Two Estate Planning Documents You Should Definitely Have

If you do not have an estate plan in place, there are a few things that you should definitely start to do. Here is what you need to know about a living will and a last will and testament.

Living Will

The purpose of having a living will is to give your loved ones direction on what kind of medical care you want to have if you are unable to vocalize your wishes. This would be if you are somehow incapacitated, in a coma, or in a vegetative state. You create your living will when you are alive and of sound mind and body, which will make your wishes perfectly clear in a formal document that can be referred to if the time comes. 

For example, you can express your desires on what kind of treatments you want to be performed, and let people know that you do not want to be resuscitated. You can also express desires to not be put on a ventilator, and when you may want to be taken off life support. These are hard decisions that family members may struggle with making, and a living will ensures that they do what you want them to do.

A living will can also let people know what your wishes are for after you pass away. You may have desires to be buried or cremated, and need to make that known near the end of your life. This information definitely needs to go into a living will since many families do not look at the last will and testament until after someone has passed and they have already handled the funeral.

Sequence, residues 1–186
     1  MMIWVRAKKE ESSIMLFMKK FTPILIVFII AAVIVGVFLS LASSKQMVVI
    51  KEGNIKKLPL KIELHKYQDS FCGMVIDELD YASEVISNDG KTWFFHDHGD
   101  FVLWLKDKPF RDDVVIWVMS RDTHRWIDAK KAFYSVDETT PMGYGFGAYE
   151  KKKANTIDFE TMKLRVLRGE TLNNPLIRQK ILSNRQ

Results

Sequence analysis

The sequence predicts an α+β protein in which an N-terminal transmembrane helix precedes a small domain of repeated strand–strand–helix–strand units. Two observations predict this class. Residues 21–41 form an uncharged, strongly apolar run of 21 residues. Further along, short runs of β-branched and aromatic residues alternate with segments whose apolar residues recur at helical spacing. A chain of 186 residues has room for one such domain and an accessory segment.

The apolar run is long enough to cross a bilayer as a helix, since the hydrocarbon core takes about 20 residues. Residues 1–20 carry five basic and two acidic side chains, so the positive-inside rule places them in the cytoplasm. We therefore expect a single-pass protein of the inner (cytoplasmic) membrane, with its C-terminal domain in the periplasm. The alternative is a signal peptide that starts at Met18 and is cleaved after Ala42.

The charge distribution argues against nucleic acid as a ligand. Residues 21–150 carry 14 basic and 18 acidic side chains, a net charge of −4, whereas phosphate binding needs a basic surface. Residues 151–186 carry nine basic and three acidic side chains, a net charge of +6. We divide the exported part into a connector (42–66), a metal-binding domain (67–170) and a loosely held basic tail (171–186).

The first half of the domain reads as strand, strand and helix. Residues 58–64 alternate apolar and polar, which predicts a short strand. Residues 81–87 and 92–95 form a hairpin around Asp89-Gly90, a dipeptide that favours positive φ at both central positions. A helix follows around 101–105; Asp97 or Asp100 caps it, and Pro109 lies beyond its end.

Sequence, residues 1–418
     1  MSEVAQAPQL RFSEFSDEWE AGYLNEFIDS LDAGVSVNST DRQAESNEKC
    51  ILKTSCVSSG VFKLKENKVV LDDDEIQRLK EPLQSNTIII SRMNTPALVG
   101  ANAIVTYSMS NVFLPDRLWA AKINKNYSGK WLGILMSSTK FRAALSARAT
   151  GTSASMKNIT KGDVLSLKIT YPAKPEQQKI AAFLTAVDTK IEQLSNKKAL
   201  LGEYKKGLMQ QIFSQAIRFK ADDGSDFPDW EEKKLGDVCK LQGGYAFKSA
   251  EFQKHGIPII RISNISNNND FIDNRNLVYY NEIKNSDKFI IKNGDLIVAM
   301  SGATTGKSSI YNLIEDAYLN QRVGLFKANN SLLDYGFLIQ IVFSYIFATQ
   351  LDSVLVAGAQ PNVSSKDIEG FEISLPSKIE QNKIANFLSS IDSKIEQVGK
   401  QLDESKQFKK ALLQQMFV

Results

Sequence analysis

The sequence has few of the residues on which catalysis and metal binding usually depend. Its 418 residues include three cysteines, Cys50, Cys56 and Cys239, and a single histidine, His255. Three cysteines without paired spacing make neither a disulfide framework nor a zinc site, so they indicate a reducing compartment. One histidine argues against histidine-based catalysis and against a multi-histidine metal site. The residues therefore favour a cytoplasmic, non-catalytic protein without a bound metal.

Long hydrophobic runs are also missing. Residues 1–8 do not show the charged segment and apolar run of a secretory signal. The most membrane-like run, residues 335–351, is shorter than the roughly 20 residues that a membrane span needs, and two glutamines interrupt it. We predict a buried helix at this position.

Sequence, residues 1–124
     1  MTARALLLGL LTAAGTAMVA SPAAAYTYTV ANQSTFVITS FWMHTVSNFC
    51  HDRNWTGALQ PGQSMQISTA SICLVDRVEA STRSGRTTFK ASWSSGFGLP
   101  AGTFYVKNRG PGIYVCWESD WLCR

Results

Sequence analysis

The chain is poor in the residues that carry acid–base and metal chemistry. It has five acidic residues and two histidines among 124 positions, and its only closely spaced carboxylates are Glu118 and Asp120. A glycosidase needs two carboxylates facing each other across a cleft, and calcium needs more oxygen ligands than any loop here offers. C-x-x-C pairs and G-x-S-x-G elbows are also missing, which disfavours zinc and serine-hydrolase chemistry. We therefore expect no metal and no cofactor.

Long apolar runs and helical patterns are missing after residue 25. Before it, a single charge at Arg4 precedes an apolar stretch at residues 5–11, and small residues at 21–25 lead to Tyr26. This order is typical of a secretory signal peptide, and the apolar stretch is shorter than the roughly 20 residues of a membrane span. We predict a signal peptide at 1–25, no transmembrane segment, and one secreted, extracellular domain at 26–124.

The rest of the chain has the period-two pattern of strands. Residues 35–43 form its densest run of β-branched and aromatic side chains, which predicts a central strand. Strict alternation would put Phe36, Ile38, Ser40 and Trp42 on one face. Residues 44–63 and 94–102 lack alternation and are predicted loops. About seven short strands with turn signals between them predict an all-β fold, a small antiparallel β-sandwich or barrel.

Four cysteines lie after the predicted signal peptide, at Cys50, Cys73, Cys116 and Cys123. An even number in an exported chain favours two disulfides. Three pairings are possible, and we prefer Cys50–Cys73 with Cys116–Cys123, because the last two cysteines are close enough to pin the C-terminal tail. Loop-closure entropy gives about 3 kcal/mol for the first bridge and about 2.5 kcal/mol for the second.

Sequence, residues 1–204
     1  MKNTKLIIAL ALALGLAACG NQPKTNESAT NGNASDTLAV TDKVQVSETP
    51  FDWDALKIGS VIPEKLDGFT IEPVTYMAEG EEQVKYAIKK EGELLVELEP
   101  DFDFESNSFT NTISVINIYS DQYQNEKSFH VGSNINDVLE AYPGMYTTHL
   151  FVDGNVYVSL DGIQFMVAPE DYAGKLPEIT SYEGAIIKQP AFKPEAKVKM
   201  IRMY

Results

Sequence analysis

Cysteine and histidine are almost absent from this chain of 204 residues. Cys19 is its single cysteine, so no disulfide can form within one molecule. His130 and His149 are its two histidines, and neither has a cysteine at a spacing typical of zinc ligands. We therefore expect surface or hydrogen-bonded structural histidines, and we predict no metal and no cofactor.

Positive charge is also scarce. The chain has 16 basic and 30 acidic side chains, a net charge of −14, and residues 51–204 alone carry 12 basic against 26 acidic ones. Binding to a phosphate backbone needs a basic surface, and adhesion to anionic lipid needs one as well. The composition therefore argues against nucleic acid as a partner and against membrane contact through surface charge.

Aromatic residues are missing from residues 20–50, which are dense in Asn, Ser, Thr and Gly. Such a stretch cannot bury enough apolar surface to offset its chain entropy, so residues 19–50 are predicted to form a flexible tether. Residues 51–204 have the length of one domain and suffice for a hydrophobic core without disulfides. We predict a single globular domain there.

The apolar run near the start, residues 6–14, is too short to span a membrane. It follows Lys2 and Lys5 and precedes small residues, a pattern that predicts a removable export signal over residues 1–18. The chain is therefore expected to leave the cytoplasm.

Last Will And Testament

Having a last will and testament will help your family navigate what you want to have happen to all of your assets after you pass away. It allows you to make specific decisions about who will receive what, and avoid potential arguments between family members. While arguments still can happen if you have a last will and testament, it is less likely to happen because you made your wishes perfectly clear. 

One thing to know about a last will and testament is that it simply dictates who will receive the assets that you own. You are unable to put terms and conditions on these assets and when they will be distributed. You'll need to create a trust if you are looking to have more control over how assets are handled after you pass away. 

Contact an estate planning law firm, such as, to learn more.